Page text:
Sometimes, you find the horse. And sometimes, the horse finds you.
Lili Kobielski and Amanda Halley both know this truism of horse ownership all too well. Halley is reminded of it when she comes to work each day and a dark bay mare nickers at her from her stall at Benchmark Sport Horses in Delaware. Kobielski remembers when she sees a certain blood bay gelding in her field at The New Hill Farm in New York.
Kobielski hadn’t exactly been looking for a horse when she was scrolling through her Facebook feed four or five years ago, but when a sale ad for a mare named Blushing Royale popped up, she paused. The daughter of Orientate had a fairly modest resume as a producer but did have a 4-year-old named Mocito Rojo who had just picked up a win in a black-type stakes at Evangeline Downs.
“I thought, why not?” remembered Kobielski. “I called the people who had her. She’d been pasture bred and had been left to foal out on her own. He didn’t want to deal with her anymore because he wanted to spend more time coon hunting.”
Blushing Royale wasn’t pregnant, so Kobielski shipped her from her point of origin in Arkansas to Kentucky and bred her to Classic Empire, then brought her on home to New York. In the meantime, Mocito Rojo found his stride for trainer Shane Wilson and owner Wayne Davis, racking up wins in the Delta Mile Stakes, Owner Appreciation Cup and scored placings in other black type races in Louisiana and Oklahoma. In spring 2019, Wilson stepped him up and he won the Grade 3 Steve Sexton Mile. As Kobielski was counting down the months to arrival of a Classic Empire baby from his mother, she cheered on Mocito Rojo as he entered the Lukas Classic – then a Grade 3 — and won, defeating Grade 1-placed Quip and Mexican fan favorite Kukulkan.
When it came time for Blushing Royale to foal though, it seemed like the fairy tale was over.
“Unfortunately, when she foaled, the baby was hip locked quite terribly,” recalled Kobielski. “We’re lucky to have farmer neighbors. It was literally the farmer neighbors, my dad and my husband (who are not horse people), the night watch, me, my manager’s daughter and her boyfriend … I think we had eight people trying to get this baby out. We did. It was traumatic and awful and the baby was born dead.
“My husband decided he was going to will him to live. He sat on him and rubbed him and gave him oxygen and rubbed his ribs. He brought him back to life. The foal sat up and started breathing.”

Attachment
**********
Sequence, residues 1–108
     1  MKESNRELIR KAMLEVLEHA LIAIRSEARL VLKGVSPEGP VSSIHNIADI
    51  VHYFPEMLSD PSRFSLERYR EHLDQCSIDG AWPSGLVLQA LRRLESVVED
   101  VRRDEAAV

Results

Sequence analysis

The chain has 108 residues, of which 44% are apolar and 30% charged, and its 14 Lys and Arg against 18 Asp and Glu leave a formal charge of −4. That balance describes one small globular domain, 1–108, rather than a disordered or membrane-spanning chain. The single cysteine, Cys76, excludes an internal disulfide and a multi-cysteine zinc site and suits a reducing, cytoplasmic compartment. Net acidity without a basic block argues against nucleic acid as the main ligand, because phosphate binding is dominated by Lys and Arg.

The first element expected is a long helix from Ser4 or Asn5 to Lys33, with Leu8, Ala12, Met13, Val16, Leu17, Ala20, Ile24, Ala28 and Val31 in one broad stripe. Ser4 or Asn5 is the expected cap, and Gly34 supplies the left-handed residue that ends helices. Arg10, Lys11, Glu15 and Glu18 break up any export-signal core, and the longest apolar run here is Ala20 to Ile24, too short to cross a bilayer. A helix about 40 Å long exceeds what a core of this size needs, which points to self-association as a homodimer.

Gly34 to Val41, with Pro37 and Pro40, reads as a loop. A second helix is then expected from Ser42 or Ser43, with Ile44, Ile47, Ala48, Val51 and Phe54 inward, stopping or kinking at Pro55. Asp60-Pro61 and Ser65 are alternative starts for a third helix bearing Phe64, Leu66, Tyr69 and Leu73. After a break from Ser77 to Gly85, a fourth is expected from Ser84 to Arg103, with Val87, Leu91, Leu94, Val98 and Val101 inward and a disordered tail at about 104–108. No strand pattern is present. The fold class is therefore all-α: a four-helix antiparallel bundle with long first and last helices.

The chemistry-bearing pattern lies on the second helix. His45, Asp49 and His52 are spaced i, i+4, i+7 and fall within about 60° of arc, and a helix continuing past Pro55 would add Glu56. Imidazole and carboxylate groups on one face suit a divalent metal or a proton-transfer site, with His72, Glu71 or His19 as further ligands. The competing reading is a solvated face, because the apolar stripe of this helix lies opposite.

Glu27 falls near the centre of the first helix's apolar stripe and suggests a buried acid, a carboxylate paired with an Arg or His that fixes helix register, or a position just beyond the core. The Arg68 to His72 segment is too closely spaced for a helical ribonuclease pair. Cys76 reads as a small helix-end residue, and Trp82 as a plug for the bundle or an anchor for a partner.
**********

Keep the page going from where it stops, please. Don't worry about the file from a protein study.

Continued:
Although both mother and baby seemed outwardly fine, Kobielski sent them to Rood and Riddle Equine Hospital in nearby Saratoga Springs for monitoring.
“They were great for two days,” she said. “And then the mare dropped dead. She’d hemorrhaged, which was horrible, because we thought we were good. There was nothing they could have done; it happened in like 15 minutes.”
Now, Kobielski was left with a foal and no mare. Luckily, the Rood and Riddle staff were aware of a mare at Hidden Lake Farm who had recently lost her foal. The mare was named Mme Belle Brezing, presumably after a nationally-famous Kentucky madam of the same name. The mare and foal were introduced, and the bond was instant.
“She loved the baby,” recalled Kobielski. “We literally did nothing. She ran into the stall like, Oh thank god you found my kid.”
Belle raised the little colt as if he were her own. Kobielski’s son named the colt Treetop “so he could be high in the sky close to his mom.” When the time came, Treetop was weaned and Belle went back home. SJB Stables bought Treetop as a yearling for $45,000 out of the 2021 Fasig-Tipton October sale, unaware they’d just purchased the equine Lazarus.
Meanwhile, Kobielski found herself scrolling social media late one night again and came across a photo of another mare. She did a double take. This one was in a bail pen in Texas, and was being advertised as a last-chance sale before her owner claimed she would be shipped to Mexico for slaughter.
As Kobielski looked closer at her identification, she saw a name she recognized.
“It was a daughter of Mme Belle Brezing,” she said. “Of course.”
Although she’d never owned Mme Belle Brezing and had no contact with this mare, whose name was Lucky Belle, Kobielski felt compelled to help her. Lucky Belle had left the track after being pulled up and vanned off at Fonner Park in her last start in March 2020, and three months later looked anything but lucky.
“As far as they could tell, she was sound,” said Kobielski. “She had literally lost all of her hair. I don’t know if it was a fungus or what, but she was a naked mole rat. She was 300 pounds underweight. It was a train wreck.”
Kobielski paid the fee, had the mare quarantined, and sent her to longtime friend Jessica Redman, who runs Benchmark Sport Horses, a well-known training and sales barn for off-track Thoroughbreds. When Lucky Belle arrived in a van to the operation’s Delaware base in July 2020, Benchmark farm manager Amanda Halley took one look in the stall and texted Redman.
“I just about cried,” Halley said. “I remember texting Jessica and saying ‘What did you just buy? This is the ugliest horse I’ve ever seen in this barn.’
“She was just so skinny. Her skin was so dry. Her feet were super, super tiny. She was the grumpiest thing in the stall. I thought, Oh, this poor horse.”